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Title: A Novelist on Novels
Author: George, Walter Lionel, 1882-1926
Language: English
As this book started as an ASCII text book there are no pictures available.

*** Start of this LibraryBlog Digital Book "A Novelist on Novels" ***





  OLGA NAZIMOV (Short Stories)



[Footnote 1: Published in the U.S.A. and Canada under the title, 'Until
the Day Break']

[Footnote 2: Published in the U.S.A. and Canada under the title, 'The
Little Beloved']




  Copyright 1918


The chapters that follow have been written in varying moods, and express
the fluctuating feelings aroused in the author by the modern novel and
its treatment at the hands of the public. Though unrelated with the
novel, the chapters on 'Falstaff,' 'The Esperanto of Art,' and 'The
Twilight of Genius' have been included, either because artistically in
keeping with other chapters, or because their general implications
affect the fiction form.

A half of the book has not before now been published in Great Britain
and Dominions.



  A DECEPTIVE DEDICATION                                               1

  LITANY OF THE NOVELIST                                              24

  WHO IS THE MAN?                                                     62


      1. _D. H. LAWRENCE_                                             90

      2. _AMBER REEVES_                                              101

      3. _SHEILA KAYE-SMITH_                                         109

  FORM AND THE NOVEL                                                 118

  SINCERITY: THE PUBLISHER AND THE POLICEMAN                         124


      1. _TARTARIN_                                                  147

      2. _FALSTAFF_                                                  161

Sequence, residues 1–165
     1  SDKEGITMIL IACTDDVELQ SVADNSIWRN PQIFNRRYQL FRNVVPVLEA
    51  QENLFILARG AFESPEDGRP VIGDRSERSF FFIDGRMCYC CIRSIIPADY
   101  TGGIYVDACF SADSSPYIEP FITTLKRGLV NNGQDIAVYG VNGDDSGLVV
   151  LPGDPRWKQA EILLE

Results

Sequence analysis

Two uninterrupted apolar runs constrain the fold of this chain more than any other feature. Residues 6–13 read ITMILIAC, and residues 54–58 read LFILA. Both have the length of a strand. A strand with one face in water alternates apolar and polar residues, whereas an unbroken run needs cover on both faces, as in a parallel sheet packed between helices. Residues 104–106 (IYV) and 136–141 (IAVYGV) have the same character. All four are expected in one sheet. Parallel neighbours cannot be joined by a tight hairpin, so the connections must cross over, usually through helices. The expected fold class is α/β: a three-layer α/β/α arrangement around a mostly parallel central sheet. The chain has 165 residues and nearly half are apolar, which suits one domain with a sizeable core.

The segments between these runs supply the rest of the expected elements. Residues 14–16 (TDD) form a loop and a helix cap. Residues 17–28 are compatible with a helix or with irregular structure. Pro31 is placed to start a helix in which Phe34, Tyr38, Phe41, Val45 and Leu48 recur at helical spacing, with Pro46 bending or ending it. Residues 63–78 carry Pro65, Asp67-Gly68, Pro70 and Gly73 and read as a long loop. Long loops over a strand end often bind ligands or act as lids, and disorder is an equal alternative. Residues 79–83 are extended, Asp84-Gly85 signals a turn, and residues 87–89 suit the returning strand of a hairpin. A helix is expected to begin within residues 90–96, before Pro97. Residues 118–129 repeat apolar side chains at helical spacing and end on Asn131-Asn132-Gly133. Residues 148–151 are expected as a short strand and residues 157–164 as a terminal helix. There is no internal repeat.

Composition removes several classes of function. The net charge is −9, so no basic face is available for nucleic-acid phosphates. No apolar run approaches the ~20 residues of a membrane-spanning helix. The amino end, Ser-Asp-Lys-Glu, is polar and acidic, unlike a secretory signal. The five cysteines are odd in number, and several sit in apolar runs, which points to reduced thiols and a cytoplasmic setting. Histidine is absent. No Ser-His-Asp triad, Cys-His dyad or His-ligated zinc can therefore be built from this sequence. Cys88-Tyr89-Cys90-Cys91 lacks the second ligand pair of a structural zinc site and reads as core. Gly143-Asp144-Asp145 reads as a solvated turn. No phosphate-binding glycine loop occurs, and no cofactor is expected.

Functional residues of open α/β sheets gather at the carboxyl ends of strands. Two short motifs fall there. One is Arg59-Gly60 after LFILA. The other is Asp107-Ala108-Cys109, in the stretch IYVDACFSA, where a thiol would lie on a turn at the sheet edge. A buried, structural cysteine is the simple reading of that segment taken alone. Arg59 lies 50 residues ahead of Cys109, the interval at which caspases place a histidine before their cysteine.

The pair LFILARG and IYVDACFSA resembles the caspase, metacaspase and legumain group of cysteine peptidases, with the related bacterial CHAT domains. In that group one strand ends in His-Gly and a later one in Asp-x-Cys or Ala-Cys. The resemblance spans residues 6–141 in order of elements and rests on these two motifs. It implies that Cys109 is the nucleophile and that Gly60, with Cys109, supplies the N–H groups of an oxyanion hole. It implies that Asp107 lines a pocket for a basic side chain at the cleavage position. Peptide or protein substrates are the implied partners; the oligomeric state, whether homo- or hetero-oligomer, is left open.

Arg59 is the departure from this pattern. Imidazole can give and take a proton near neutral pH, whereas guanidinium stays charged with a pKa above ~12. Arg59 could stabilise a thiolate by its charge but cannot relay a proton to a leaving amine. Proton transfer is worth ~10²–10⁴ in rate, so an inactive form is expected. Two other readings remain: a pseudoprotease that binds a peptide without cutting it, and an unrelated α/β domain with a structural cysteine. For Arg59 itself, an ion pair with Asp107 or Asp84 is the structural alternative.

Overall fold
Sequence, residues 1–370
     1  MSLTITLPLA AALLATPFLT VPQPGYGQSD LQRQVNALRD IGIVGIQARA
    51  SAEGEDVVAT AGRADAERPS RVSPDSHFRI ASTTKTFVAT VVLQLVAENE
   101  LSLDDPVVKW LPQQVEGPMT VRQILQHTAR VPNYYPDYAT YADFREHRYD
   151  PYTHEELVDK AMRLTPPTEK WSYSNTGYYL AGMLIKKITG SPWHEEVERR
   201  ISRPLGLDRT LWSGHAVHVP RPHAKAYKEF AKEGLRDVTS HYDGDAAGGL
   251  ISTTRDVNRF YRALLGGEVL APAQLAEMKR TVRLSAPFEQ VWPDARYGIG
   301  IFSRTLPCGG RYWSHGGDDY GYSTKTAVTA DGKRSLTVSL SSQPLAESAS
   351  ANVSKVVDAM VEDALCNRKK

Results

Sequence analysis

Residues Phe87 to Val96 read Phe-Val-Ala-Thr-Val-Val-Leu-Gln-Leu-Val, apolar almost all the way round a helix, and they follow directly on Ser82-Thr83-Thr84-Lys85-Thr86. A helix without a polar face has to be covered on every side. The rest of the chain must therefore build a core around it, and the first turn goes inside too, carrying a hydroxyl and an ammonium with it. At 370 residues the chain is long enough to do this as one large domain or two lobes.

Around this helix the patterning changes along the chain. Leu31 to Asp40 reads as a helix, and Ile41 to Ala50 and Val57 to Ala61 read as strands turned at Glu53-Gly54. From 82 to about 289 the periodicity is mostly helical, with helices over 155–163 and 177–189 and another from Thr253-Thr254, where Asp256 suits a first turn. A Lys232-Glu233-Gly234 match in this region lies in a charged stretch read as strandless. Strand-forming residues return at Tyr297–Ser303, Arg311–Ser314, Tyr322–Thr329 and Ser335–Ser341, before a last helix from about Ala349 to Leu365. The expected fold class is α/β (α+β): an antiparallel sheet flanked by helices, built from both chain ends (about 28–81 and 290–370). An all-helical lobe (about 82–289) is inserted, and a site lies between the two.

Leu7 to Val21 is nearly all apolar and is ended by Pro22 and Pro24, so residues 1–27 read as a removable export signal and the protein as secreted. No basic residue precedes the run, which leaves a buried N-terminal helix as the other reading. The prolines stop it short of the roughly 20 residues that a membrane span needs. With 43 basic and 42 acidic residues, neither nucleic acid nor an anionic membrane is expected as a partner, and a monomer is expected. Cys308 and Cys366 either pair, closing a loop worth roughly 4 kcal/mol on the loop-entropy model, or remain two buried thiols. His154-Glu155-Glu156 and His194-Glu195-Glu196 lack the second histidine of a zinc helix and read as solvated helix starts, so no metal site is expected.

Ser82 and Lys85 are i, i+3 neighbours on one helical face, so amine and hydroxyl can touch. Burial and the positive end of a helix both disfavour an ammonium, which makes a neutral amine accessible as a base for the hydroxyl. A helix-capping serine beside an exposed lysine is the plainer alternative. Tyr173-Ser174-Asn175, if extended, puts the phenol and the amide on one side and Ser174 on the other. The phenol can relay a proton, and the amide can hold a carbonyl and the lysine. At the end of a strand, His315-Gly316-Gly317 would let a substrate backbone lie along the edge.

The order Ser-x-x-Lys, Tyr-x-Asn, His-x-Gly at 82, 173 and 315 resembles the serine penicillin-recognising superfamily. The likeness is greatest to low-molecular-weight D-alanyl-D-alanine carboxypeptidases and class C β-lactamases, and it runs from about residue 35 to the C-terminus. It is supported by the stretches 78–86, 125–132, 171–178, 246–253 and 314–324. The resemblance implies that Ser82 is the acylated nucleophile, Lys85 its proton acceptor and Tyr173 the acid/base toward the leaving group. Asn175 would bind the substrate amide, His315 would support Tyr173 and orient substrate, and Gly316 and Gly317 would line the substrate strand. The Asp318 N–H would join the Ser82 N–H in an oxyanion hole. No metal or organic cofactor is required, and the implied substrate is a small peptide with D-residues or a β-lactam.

3. _MÜNCHAUSEN_                                                177

  THE ESPERANTO OF ART                                               191

  THE TWILIGHT OF GENIUS                                             208

A Deceptive Dedication


I have shown the manuscript of this book to a well-known author. One of
those staid, established authors whose venom has been extracted by the
mellow years. My author is beyond rancour and exploit; he has earned the
right to bask in his own celebrity, and needs to judge no more, because
no longer does he fear judgment. He is like a motorist who has sowed his
wild petrol. He said to me: 'You are very, very unwise. I never
criticise my contemporaries, and, believe me, it doesn't pay.' Well, I
am unwise; I always was unwise, and this has paid in a coin not always
recognised, but precious to a man's spiritual pride. Why should I not
criticise my contemporaries? It is not a merit to be a contemporary.
Also, they can return the compliment; some of them, if I may venture
upon a turn of phrase proper for Mr Tim Healy, have returned the
compliment before they got it. It may be unwise, but I join with
Voltaire in thanking God that he gave us folly. So I will affront the
condemnatory vagueness of wool and fleecy cloud, be content to think
that nobody will care where I praise, that everybody will think me
impertinent where I judge. I will be content to believe that the
well-known author will not mind if I criticise him, and that the others
will not mind either. I will hope, though something of a Sadducee, that
there is an angel in their hearts.

I want to criticise them and their works because I think the novel, this
latest born of literature, immensely interesting and important. It is
interesting because, more faithfully than any other form, it expresses
the mind of man, his pains that pass, his hopes that fade and are born